It continues with an expedition to the limits of the Dub. Our guide is called Harmonics 313 and our field of research is time, "When Machines Exceed Human Intelligence" (Warp / Roughtrade). Those futuristic spheres are the favorite field of activity of Marc Pritchard, the electronic artist who has dedicated himself to so-called “UK bass music” since the early 1990s. This should make it clear what the relationship to Dub mainly consists: in the bass. "Bass! How Low Can You Go? ”Asked Public Enemy 20 years ago. With his new album, Pritchard now provides an impressive answer to this question. In his opinion, English dance music has been ruled by the bass for almost 20 years: Dub, Jungle, drum & bass, garage, Dubstep - and he had a say in all styles. And so it is not surprising that the futuristic-gloomy, but also hard and rational sounds on “When Machines Exceed Human Intelligence” are most likely to hit Dubstep (with clear references to Detroit techno and 80s electro). Reggae is in vain here (apart from the intro sample), but the excess of bass should still be a hit with anyone Dub put in a blissful state. 

Since we're so far from the classic Dub-Terrain removed, we'll stay a little longer in this border area and listen to the album "Underground Wobble" (Jarring Effects / Alive!) By High Tone. A group of operates under this title Dub-Alchemists from Lyon who made an eclectic music Dub, Industrial, hip-hop, trip-hop and ethnic samples together and the whole "Novo-Dub“Call. You can hear partly heavy, partly wild breakbeats and offbeats, screeching synths, oriental melody ornaments and hypnotic keyboard sounds. The right material to let your ears blown free by the Harmonic 313-Bass. If you listen carefully and penetrate the full, rich sound of the tracks, you will discover fascinating details such as z. B. gentle jazz interludes, contrasted by wild sirens, synth escapades (which could just as easily be samples of opera singing), as well as always indistinct, mysterious radio messages (in which a conspiracy theory is probably discussed). Instead of a consistently brutal sound, the individual pieces follow a sophisticated dramaturgy full of contrasts and surprises.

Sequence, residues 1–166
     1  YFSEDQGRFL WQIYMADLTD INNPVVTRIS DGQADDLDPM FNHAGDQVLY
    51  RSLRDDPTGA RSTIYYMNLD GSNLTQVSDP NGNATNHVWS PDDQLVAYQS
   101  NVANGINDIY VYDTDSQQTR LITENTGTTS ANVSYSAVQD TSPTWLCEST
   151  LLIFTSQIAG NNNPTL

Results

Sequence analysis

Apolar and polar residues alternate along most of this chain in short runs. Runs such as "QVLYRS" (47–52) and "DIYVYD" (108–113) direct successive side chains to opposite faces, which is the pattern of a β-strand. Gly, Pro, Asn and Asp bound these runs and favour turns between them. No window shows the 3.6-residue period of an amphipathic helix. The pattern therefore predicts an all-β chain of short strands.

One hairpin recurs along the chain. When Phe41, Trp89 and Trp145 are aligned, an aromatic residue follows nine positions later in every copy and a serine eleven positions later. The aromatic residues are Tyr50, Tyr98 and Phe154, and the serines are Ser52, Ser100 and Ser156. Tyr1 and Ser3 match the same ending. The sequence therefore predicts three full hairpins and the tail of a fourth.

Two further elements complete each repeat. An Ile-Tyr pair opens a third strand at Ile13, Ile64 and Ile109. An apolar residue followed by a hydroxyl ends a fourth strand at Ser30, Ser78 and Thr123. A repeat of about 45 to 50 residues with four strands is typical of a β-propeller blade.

For a conciliatory end there is real reggae again: "Infinite Dub"By Midnite / Luster Kings (Luster Kings / Import). This is the Dub-Version of the album "Infinite Quality", a collaboration between Midnite singer Vaughn Benjamin and Luster producer Digital Ancient. The result of this collaboration is - at least in Dub-Form - reasonably boring. The riddims are pretty average, the singing can only be heard in tiny scraps (yes Dub!) and the production is, well, let's say: little inspired. Somehow the sound sounds strangely dull. Well, you can see that I can't get much positive out of the album. The vocal version was certainly better, because the few melody scraps that Dub-Treatment sound promising.